By Zack Downing, Staff Writer
While the internet has been swimming with fake news since the 2016 election, the mainstream media hasn’t been the picture of perfection to counter it. FOX News has been consistently biased towards Donald Trump, and every other news network has been at least a little biased against him.
While bias from the media is standard fare, you don’t expect to find the same kind of slant in a place like a history book. However, a high school AP History book titled “By the People” (5th edition) has many conservatives up in arms over what they claim is anti-Trump bias.
Written by James Fraser, this new edition of the book covers the 2016 election and the Black Lives Matter movement. As pointed out in tweets by a radio personality from Indianapolis named “Alex On-Air”, there are indeed many instances of questionable writing in the coverage of Trump.
The book says that Clinton supporters feared Trump’s “mental instability” and that the election might be determined by “people who were afraid of a rapidly developing ethnic diversity”. It also claimed that Trump was wielding a “not so hidden racism” and that his campaign was tearing the nation’s social fabric.
Conversely, Hillary Clinton is treated as the well-meaning candidate that fell to America’s racism. While she’s never explicitly praised, her email scandal was barely touched upon and the Benghazi incident was not discussed.
Now, the touchy opinions about Trump sure are out of place in an AP textbook, but I think the glossing-over of Hillary’s issues are the bigger deal.
The story of Clinton’s catastrophic failure to defeat such an unqualified candidate is fascinating, and begs to be covered in a history textbook. One cannot spend a chapter ragging on Trump and conclude with, “well, he won anyway”.
Believe it or not, there will be kids in the future who know very little about the 2016 election, and without a complete coverage of both sides of the race, they’ll be baffled as to how Clinton lost.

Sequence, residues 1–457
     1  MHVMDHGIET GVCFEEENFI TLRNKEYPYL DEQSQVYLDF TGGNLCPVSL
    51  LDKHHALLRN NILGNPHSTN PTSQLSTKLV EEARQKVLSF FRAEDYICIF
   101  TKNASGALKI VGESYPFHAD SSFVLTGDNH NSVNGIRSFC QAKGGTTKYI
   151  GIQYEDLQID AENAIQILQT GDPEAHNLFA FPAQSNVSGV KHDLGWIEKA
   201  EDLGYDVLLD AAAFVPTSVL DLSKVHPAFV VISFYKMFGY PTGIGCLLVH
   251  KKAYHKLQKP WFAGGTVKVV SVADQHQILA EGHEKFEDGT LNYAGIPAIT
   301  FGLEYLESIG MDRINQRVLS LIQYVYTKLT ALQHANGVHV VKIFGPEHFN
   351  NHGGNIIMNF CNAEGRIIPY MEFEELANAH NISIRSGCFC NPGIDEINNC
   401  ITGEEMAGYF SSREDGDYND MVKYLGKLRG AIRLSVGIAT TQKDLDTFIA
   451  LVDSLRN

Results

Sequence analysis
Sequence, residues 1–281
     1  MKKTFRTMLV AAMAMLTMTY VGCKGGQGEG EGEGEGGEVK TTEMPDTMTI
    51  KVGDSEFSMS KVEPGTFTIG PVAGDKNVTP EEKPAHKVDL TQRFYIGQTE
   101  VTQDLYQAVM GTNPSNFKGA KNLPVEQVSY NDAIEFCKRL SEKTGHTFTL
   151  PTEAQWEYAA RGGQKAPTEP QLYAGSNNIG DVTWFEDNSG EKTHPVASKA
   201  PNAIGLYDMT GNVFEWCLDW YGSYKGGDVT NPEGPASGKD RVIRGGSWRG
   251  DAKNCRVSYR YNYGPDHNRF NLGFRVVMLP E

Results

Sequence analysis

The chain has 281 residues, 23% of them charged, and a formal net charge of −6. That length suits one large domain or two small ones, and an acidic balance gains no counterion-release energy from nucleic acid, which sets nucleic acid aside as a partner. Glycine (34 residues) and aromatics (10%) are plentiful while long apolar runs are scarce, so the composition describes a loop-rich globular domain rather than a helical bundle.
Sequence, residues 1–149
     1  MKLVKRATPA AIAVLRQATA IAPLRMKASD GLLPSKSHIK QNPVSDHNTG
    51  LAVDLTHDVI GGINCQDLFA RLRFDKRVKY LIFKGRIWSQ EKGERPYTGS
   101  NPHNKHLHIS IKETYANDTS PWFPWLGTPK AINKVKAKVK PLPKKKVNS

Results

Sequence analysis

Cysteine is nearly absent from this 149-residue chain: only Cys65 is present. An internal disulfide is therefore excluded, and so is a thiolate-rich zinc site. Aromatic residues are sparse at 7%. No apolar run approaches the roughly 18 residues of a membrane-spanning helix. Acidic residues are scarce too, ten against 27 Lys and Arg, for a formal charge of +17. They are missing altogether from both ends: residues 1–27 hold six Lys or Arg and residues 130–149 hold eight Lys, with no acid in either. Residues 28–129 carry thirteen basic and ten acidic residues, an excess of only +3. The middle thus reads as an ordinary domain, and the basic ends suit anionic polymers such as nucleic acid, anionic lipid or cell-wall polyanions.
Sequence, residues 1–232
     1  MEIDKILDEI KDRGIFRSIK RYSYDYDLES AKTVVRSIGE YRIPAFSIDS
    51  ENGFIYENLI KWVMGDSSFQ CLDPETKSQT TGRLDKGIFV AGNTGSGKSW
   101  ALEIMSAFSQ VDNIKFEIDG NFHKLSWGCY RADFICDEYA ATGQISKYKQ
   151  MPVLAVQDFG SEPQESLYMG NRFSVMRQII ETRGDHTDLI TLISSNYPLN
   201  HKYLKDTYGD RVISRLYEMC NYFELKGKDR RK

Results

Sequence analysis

It’s simply a fact that her deletion of 30,000 emails was an objectively bad action that probably lost her the election. The Benghazi scandal was also instrumental in giving her an evil reputation, and even though it was before 2016, it’s necessary to mention for context.
Trump’s election is a very dense topic, and though there’s a lot to cover, you can’t leave large details like the email scandal out just because you want Hillary to look like she deserved the win.
That being said, the inclusion of those words against Trump (tearing the social fabric, afraid of diversity) are somewhat necessary as well. People who didn’t live through the election won’t understand the social context of the race and his supporters’ feelings, assuming America heads in a more progressive direction a century from now.
A lot of these opinions do represent the atmosphere of the election, and to an extent, represent the truth. However, it’s an educator’s responsibility to only present the facts as facts and the sentiments as sentiments, not to explicitly say that Trump was tearing the nation’s social fabric.
All that needs to be done in that case is to present the feelings of both supporters as feelings. Including a segment about what each side’s supporters thought of the other side is an easy way to include opinions without selling them as fact.
Tell the readers that Hillary’s supporters thought Trump was a racist while Trump’s supporters thought Hillary was a liar, and then explain the reasons behind each. Even if you agree with one side, and even if that side is probably the right side, it’s essential to include every angle in a textbook, especially when those angles shaped history so acutely.
Details about the 2016 election could fill encyclopedias, and it’s almost incomprehensible that textbooks of the future will probably have to relegate it to only one page. There may be countless moments that don’t make it into the history books, but Hillary’s email scandal can’t be erased. Kids of the future must know that it wasn’t just Caucasian America that won Trump the election, it was Hillary that lost it.
Photo Courtesy: CBN